Hall County Schools approved a $194 million budget for next fiscal year during its meeting Monday night.
The budget comes in $3.3 million less than last year’s budget. Revenues are set at just less than $187 million for the fiscal 2013 budget.
The school board did not set a millage rate, and members said they will do so once the ending balance of the fiscal 2012 budget is known and all the property tax appeals are in.
“We actually have not set a millage rate yet,” Superintendent Will Schofield said. “That will be one of the first amendments that we make. It’s still going to be 30 to 45 days before we know what the appeals are at this point and also before we know what our ending balance is.”
He said the board is likely to approve a rate in July or August.
“There are (a) number of school districts that don’t even set a millage rate until September,” said Schofield.
Currently, the rate is set at 17.67 mills. The maximum allowed for a roll-up this year is 19.31 mills.
Schofield said the roll-up will likely not reach the maximum.
“What we anticipate is not having a full roll-up, but I can’t imagine how we can put this budget together without some roll-up,” he said. “We just don’t know what yet.”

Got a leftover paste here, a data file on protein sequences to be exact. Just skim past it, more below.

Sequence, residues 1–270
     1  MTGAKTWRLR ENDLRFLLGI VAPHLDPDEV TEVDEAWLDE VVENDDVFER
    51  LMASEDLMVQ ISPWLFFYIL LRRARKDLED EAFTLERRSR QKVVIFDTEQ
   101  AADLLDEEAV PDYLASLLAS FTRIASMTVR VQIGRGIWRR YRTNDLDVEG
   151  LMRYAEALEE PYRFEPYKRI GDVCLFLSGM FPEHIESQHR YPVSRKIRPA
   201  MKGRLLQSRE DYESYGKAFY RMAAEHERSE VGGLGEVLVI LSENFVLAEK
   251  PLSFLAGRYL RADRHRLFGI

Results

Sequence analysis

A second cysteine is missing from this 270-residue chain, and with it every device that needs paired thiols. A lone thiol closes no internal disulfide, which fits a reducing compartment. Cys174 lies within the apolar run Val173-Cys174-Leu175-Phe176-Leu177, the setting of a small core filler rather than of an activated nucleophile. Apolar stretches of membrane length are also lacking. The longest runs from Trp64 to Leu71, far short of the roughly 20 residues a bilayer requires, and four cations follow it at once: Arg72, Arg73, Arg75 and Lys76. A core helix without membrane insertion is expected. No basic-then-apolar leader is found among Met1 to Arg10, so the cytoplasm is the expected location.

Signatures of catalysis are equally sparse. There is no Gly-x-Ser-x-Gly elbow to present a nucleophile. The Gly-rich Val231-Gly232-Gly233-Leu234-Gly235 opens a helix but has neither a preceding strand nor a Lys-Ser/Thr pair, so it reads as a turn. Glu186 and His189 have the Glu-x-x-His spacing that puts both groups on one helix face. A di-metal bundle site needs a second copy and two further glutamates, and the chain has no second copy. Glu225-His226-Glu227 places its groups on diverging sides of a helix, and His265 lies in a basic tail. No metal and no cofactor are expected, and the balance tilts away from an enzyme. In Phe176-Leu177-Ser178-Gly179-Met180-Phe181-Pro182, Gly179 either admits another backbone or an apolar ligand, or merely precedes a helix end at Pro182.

The local tax digest is down 7.75 percent from last year, and state revenues are down $1.3 million.
The system also is required to pay almost $3 million more in health insurance and teacher retirement than last year.
There will be 10 reduced calendar days with the possibility of adding one instructional day and one post-planning day back into the schedule.
This year’s budget winds up being about $24 million less than in 2008, and the system has added about 800 students since then.
Schofield said balancing a budget while maintaining a quality public education can be a challenge, and shrinking classroom time for students is becoming inevitable.
“The budget already reflects less classroom time for students and that concerns me greatly,” said Schofield. “It’s a balancing act. I think these are uncharted waters. We’ve never in the last 75 years talked about cutting time out of school to balance a budget. So it’s uncertain times.”
The board estimates this fiscal year to end with a fund balance of $15.6 million. It plans to spend about $7.6 million of that next year to make up the difference in revenues versus expenditures.
But Schofield said that fund won’t sustain the system for long.
“It’s one of the reasons why we’re pushing so hard for the blended learning opportunity,” he said. “We’ve got to find ways to offer the 24/7, 365(-day) learning opportunities because I don’t see any time in the near future that we’ll see a bag full of money come to public education.”